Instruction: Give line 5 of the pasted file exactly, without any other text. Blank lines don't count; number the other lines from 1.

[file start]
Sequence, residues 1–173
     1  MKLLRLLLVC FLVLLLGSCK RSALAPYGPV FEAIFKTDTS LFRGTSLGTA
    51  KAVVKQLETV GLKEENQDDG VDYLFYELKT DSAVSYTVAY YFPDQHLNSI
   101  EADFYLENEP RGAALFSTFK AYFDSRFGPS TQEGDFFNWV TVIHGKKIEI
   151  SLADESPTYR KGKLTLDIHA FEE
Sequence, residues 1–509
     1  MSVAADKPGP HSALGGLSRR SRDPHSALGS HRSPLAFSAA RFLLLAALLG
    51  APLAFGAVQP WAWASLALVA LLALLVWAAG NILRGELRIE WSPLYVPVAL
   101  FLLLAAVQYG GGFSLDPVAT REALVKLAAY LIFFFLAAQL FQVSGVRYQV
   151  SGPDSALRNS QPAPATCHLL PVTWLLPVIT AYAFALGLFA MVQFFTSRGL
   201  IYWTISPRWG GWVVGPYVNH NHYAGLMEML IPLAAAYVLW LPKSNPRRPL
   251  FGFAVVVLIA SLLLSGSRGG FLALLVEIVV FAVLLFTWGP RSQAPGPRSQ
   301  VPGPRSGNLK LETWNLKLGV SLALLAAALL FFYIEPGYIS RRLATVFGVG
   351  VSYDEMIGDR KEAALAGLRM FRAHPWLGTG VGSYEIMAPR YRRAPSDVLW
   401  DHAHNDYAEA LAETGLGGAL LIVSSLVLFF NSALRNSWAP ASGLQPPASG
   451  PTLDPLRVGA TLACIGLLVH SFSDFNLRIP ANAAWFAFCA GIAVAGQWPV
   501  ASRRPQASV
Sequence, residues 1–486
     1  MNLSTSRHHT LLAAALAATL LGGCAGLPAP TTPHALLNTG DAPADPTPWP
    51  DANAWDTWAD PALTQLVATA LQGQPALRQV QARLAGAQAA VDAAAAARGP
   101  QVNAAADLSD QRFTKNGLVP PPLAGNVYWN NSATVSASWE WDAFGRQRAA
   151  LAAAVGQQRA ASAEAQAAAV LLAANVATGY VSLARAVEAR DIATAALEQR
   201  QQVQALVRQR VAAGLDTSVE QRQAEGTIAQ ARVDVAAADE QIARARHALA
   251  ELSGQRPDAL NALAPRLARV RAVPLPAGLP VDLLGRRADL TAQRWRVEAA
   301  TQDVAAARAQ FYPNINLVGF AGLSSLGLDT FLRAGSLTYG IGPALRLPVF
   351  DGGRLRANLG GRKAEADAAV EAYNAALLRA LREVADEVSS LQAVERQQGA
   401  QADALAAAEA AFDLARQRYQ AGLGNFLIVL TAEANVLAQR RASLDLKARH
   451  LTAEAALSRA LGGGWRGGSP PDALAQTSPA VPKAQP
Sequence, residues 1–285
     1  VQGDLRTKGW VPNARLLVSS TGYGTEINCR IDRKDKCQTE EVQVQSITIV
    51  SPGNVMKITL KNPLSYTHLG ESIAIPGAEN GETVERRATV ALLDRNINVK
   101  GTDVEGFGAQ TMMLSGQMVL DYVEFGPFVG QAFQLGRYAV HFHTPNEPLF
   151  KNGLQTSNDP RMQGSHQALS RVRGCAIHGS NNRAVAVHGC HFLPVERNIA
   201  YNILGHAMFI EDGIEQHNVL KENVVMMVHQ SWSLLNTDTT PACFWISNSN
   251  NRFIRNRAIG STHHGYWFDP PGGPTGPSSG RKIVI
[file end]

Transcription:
   151  SLADESPTYR KGKLTLDIHA FEE